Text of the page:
a plus sign (+), or an equal sign (=) is often
                           taken to be some sort of option argument, even if
                           it appears in a postion where a file name could
                           appear.  Therefore it is unwise to have file names
                           that begin with -, +, or =.

       Discusses the function and behavior of each entry.

       Information under this heading pertains to programming for various
       spoken              languages.  Typical entries indicate support for
                           single- and/or multi-byte characters, the effect of
                           language-related environment variables on system
                           behavior, and other related information.

       Information under this heading is applicable only if you are using the
                           networking feature described there (such as NFS).

       Discusses various values returned upon completion of program calls.

       Discusses diagnostics indications that may be produced.  Self-
       explanatory         messages are not listed.

       Lists error conditions and their corresponding error message or return

       Provides examples of typical usage, where appropriate.

       Points out potential pitfalls.

       Points out variations in HP-UX operation that are related to the user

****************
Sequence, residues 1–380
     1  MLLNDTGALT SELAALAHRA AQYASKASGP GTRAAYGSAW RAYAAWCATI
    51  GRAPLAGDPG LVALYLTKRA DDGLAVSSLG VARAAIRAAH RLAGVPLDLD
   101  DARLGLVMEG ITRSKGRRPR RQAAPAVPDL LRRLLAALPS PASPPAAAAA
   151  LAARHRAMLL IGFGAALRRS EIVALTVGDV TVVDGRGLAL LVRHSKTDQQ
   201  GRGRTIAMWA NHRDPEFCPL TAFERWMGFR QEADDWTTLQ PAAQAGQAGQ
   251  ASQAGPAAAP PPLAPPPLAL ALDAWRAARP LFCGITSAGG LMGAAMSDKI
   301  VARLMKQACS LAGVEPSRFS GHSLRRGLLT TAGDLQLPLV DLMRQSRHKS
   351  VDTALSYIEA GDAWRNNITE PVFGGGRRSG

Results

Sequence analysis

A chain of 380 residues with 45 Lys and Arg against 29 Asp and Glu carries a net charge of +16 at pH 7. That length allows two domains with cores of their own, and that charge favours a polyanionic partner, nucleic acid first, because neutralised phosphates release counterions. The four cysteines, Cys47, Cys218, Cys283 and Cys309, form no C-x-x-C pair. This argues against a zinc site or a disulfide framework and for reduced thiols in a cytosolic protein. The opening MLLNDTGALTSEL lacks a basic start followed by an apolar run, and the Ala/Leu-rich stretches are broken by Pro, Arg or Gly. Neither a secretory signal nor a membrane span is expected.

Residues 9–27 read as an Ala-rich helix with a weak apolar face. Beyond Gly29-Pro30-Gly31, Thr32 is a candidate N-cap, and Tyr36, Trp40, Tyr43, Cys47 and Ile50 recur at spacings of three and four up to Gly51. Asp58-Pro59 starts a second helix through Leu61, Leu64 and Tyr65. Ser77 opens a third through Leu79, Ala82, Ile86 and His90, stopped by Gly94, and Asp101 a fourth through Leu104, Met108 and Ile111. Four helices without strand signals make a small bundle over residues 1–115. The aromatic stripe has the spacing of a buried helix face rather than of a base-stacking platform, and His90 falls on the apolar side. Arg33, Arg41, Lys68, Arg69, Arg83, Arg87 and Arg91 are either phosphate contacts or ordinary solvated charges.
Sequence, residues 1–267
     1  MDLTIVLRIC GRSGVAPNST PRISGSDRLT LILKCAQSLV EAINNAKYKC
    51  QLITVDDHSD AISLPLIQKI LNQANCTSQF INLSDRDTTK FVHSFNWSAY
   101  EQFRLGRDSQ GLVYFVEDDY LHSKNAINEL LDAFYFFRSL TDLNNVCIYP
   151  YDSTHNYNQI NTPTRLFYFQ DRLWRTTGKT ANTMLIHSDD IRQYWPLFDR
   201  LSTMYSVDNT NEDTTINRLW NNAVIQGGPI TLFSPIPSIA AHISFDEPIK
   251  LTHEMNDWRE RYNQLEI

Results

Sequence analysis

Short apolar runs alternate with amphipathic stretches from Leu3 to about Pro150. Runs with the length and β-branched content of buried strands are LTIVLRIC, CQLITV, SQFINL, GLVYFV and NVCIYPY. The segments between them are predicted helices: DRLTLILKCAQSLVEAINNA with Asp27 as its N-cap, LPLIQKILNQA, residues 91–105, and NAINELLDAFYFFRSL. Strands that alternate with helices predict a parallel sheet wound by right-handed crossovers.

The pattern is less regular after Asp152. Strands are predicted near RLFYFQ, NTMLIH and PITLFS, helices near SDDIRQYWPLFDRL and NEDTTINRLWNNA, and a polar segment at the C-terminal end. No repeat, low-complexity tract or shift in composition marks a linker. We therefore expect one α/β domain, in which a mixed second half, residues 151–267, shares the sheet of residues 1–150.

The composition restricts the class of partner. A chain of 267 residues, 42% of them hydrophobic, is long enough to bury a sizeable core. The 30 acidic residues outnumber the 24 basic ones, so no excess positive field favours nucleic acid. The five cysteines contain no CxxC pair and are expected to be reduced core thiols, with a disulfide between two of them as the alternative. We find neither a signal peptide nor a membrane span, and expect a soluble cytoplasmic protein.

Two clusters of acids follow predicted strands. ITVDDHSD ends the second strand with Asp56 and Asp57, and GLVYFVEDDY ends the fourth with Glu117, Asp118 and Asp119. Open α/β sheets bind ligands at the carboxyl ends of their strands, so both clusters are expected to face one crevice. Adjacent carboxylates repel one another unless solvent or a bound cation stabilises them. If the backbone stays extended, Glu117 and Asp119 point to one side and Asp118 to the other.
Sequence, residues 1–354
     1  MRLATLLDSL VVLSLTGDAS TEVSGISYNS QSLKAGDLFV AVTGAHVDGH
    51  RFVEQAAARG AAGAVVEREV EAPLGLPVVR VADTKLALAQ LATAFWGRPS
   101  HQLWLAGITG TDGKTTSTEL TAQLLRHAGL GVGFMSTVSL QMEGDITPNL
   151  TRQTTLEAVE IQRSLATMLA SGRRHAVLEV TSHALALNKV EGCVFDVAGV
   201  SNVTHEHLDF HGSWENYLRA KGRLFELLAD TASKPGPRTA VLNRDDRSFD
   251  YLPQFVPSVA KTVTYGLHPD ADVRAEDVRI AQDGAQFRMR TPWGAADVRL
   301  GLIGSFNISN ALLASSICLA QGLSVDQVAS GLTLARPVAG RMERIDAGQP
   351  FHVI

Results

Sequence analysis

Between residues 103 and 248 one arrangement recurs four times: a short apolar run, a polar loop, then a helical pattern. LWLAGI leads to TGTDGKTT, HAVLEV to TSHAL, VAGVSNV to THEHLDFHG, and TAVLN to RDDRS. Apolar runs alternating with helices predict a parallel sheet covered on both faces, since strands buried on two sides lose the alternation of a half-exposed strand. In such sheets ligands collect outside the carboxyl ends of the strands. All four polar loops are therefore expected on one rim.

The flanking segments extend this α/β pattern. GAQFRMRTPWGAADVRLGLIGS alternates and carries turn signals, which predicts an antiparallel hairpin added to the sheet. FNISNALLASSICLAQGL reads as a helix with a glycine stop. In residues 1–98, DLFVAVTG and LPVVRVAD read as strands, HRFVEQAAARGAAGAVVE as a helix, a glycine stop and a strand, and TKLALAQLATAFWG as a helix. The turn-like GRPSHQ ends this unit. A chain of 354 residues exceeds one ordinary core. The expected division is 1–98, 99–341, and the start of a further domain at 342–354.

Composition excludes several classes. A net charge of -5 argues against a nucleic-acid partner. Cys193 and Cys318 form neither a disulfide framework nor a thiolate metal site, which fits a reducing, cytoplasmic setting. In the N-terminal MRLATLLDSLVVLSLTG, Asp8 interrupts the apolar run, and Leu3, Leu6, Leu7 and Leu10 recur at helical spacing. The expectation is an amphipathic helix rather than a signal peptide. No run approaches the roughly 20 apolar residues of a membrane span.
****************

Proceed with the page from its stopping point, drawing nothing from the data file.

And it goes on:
or                  specific hardware or hardware combinations.

       Indicate the origin of the software documented by the manual entry.

       Lists file names that are built into the program or command.

       Provides pointers to related topics.

       Discusses known bugs and deficiencies, occasionally suggesting fixes.

       This section        lists the standard specifications to which the HP-
                           UX component conforms.

       Upon termination, each command returns two bytes of status, one
       supplied by the system giving the cause for termination, and (in the
       case of ``normal'' termination) one supplied by the program (for
       descriptions, see wait(2) and exit(2)).  The system-supplied byte is 0
       for normal termination.  The byte provided by the program is
       customarily 0 for successful execution and non-zero to indicate errors
       or failure such as incorrect parameters in the command line, or bad or
       inaccessible data.  Values returned are usually called variously ``exit
       code'', ``exit status'', ``return code'', or ``return value'', and are
       described only where special conventions are involved.

       Some commands produce unexpected results when processing files
       containing null characters.  These commands often treat text input
       lines as strings, and therefore become confused when they encounter a
       null character (the string terminator) within a line.

       getopt(1), exit(2), wait(2), getopt(3C), hier(5), introduction(9).

       Web access to HP-UX documentation at